Microsoft has recently uncovered some of the upcoming features of Exchange 2010 SP1. While SP1 will contain all of the roll-up packs that have been released, using customer feedback they’ve identified problem areas that will be addressed, as well as enhanced some of the features of Exchange.
Most of the enhancements center around archiving/discovery, Outlook Web App (OWA) and mobile management. There will be a beta of SP1 for download in parallel with TechEd North America this June, giving administrators a chance to test it in their development environments prior to full production. (more…)
Looking to upgrade your infrastructure to Exchange 2010, then Microsoft has a tool to help make the process a little smoother. They’ve published an updated version of their Exchange 2010 Deployment Assistant, which now supports migration paths from Exchange 2007 as well as help with new 2010 installs. Previously, the assistant would only advise users of Exchange 2003.
The Deployment Assistant allows administrators to create Exchange 2010 deployment instructions that are customized to their environment. The Deployment Assistant asks a small set of questions, and based on your answers, it provides a set of instructions that are designed to get you up and running on Exchange 2010. Instead of reading dozens of topics in the Exchange 2010 library, you simply answer a few questions, and the Deployment Assistant gives you customized content to install Exchange 2010.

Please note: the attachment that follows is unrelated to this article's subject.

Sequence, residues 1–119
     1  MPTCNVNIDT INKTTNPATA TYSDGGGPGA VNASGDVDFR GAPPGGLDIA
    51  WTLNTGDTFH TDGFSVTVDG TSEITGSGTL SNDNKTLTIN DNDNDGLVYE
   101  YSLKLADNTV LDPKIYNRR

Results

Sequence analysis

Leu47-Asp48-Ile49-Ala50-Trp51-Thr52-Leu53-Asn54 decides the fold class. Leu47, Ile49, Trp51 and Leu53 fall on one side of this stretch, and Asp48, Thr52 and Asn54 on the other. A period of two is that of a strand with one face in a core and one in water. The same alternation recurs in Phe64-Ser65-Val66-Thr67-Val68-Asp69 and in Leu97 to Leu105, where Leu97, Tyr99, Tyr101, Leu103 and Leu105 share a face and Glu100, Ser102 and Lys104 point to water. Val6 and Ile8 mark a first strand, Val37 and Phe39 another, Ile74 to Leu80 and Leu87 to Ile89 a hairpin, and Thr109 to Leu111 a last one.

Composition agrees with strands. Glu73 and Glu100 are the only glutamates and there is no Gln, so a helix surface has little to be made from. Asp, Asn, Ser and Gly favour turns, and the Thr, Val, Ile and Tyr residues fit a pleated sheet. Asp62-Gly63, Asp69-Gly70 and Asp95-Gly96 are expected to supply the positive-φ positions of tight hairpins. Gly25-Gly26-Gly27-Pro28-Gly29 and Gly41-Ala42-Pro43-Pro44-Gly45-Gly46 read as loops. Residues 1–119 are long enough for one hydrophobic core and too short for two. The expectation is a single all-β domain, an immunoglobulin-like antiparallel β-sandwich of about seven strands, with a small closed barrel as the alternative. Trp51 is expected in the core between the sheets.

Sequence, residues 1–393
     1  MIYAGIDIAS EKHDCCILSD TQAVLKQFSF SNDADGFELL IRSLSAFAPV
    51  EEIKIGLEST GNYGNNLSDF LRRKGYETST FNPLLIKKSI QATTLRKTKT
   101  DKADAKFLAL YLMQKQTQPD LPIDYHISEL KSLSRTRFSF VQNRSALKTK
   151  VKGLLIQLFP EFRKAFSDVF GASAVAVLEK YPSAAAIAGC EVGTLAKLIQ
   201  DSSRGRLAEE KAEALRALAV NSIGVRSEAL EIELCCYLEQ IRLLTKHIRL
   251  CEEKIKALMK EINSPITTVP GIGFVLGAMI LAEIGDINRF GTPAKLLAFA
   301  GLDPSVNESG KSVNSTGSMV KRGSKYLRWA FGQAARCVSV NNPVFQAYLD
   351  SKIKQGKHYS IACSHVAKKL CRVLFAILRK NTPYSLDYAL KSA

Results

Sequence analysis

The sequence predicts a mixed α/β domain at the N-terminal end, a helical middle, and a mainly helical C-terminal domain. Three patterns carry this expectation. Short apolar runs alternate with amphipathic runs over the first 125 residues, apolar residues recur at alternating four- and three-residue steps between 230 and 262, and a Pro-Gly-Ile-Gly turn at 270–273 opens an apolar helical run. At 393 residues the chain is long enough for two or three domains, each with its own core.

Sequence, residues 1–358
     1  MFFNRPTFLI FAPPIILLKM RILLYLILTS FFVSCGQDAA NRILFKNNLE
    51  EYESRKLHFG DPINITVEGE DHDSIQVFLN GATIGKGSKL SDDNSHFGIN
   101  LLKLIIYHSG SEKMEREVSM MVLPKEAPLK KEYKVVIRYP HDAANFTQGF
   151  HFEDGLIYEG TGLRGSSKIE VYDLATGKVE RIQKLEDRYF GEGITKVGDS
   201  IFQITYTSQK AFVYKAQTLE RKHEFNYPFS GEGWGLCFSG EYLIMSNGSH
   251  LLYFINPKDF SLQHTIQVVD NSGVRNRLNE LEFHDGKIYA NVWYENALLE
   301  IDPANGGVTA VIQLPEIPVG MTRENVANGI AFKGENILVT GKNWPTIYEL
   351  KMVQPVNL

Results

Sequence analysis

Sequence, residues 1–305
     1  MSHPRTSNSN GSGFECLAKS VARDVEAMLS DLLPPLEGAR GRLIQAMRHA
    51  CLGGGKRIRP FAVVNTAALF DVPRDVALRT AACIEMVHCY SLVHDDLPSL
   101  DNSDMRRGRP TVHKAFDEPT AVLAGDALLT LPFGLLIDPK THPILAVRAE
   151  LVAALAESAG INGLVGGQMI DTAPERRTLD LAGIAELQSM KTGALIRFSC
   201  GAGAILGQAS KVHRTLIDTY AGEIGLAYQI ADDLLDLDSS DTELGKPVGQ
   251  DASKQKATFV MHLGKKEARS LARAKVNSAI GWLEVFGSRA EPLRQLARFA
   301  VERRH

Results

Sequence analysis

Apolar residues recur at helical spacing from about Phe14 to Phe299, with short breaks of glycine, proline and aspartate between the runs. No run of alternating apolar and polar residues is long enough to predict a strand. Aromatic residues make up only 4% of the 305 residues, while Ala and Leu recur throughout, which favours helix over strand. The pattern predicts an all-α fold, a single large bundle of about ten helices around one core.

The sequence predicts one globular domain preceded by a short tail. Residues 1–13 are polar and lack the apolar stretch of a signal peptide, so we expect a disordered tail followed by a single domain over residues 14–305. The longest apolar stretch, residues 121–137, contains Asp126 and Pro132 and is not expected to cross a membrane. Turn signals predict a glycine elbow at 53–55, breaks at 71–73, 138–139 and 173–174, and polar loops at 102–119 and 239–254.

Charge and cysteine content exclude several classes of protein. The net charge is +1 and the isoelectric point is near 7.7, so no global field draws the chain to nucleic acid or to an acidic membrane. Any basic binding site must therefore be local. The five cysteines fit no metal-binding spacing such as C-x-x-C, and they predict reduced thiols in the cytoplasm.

The assistant is strictly web based, and does not require you to run anything on your systems. It does require you to have intimate knowledge of your Exchange environment for the results to be very helpful. You can find it over at Technet.
Microsoft Data Protection Manager 2010 is coming soon, and Microsoft is set to release an updated test version even sooner. The beta of 2010 has been out since September and the product team has been taking feedback to make the product even better then the 2007 version.
This Thursday, at 9AM PST, Microsoft will be hosting a 90 minute webcast to cover what has changed in the release candidate and the progress being made towards the final version. Anyone using DPM will want to be sure not to miss this. The team will demonstrate the software that early adopters have been running as well as new Windows client protection capabilities, the new SQL/SharePoint/Exchange protection and recovery features, as well as their enhanced Disaster Recovery scenarios.
There will also be information on the new auto-healing/auto-scaling features (which current DPM administrators like myself will love) — the team also promises a few new surprises that weren’t in the beta.
Those of you who know me, know that I have been an avid BlackBerry proponent for many years. I held fast to the opinion that BlackBerry coupled with Microsoft Exchange was the solution for business mobile communications. Be it BlackBerry Enterprise Server or Microsoft ActiveSync, I held steadfast in my opinion that nothing could perform as well or better in maintaining perfect harmony between my desktop, my laptop, my phone, and anywhere access to my information. I am here to say, that era has ended. A moment of silence, please. Now that the mourning is over, let me tell you the changes I’ve made, how, and why.